The semester is coming to a close soon, and I can’t believe summer is almost here. And that means everyone is chomping at the bit to escape the north of center. I can’t escape just yet as there is so much to do. Grading, making plans for teaching abroad, organizing courses in our LMS, and research. My mind is cluttered and even to-do list aren’t helping. How do you weave through the obstacles and not get bogged down?
The only saving grace is the upcoming travel. Just the thought of it alleviates the anxiety for a precious few seconds. And then that nasty gremlin lurking in my mind, sitting on my shoulder vociferous reminds me to stop skipping along the slip stream and come back down to earth. The softer, sensible side counters, “Five minutes more.” Snooze button engaged. Ignore ugly procrastination monster.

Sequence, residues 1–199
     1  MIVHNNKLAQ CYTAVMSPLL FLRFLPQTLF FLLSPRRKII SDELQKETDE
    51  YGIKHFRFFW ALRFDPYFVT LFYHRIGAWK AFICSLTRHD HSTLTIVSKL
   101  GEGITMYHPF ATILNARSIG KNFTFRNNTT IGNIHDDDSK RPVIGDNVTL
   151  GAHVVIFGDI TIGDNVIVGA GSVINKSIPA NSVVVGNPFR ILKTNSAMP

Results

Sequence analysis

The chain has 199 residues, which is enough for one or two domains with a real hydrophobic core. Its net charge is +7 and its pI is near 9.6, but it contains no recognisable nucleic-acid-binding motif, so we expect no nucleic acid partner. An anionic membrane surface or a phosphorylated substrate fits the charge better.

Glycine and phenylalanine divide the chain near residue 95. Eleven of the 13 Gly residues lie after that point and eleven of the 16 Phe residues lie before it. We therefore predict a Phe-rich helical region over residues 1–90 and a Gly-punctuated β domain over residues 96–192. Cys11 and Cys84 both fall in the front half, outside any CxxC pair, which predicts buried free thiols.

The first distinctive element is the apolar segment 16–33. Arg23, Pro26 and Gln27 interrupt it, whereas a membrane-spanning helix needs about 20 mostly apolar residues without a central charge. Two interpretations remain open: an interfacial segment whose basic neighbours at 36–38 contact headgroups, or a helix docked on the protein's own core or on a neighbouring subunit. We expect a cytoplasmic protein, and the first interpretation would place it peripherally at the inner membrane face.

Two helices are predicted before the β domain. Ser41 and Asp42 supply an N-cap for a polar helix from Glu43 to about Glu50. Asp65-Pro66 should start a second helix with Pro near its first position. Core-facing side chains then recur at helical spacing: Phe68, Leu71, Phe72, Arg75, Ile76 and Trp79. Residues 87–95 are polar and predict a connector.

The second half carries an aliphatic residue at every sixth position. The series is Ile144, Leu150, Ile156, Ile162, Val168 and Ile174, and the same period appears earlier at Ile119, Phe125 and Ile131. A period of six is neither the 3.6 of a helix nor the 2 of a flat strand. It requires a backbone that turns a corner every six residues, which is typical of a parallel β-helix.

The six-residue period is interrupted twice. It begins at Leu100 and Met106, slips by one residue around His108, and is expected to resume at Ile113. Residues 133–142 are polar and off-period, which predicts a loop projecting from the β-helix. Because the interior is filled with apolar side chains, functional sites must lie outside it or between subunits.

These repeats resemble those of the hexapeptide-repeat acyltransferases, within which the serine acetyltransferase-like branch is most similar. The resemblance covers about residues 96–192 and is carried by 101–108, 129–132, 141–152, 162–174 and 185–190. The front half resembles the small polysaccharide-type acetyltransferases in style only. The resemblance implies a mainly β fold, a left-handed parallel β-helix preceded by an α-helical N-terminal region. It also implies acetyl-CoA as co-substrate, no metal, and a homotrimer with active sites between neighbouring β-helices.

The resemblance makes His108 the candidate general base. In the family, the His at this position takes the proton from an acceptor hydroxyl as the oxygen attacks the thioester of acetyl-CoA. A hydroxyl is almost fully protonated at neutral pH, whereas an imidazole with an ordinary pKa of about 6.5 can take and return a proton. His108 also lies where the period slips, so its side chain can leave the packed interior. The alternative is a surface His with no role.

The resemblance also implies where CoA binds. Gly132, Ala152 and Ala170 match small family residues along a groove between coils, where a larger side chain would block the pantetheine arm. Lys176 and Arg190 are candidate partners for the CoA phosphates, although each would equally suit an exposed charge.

However did my grandparents, parents, and other ancestors, think on the importance of travel? Pico Iyer discussed the necessity of travel in a Time Magazine (Iyer, P. (2002). The necessity of travel. Time, 159(21), 82.). It isn’t a new thought. MacCannell in his seminal work, The Tourist (2013), argues for escapism. We need it. We need it to recharge and refresh. To learn about the wonders of our global community.
Frankly, the monster of need creeps up on me, and I grab it’s spiky ear, lead it to a box and stuff it inside, ignoring its grumblings. I have for more than a few years now. Routine has settled around my shoulders like a vice. A never-ending loop. I don’t mind though. I enjoy seeing family, but I need new and shiny, even if new and shiny is a medallion hidden in my box. Bring it out, shine it up and wear it again. Everything old can become new again.
Scotland always lingers in my side-view mirror. Always whispers.
And finally, I get to return to my second home after a long absence. Home sounds good right now.
Breathe deep, savor the sweet smell of the Highlands. The unpretentious landscape. Will I find it as I left it? Will it be the same genuine atmosphere as before? God, I hope so.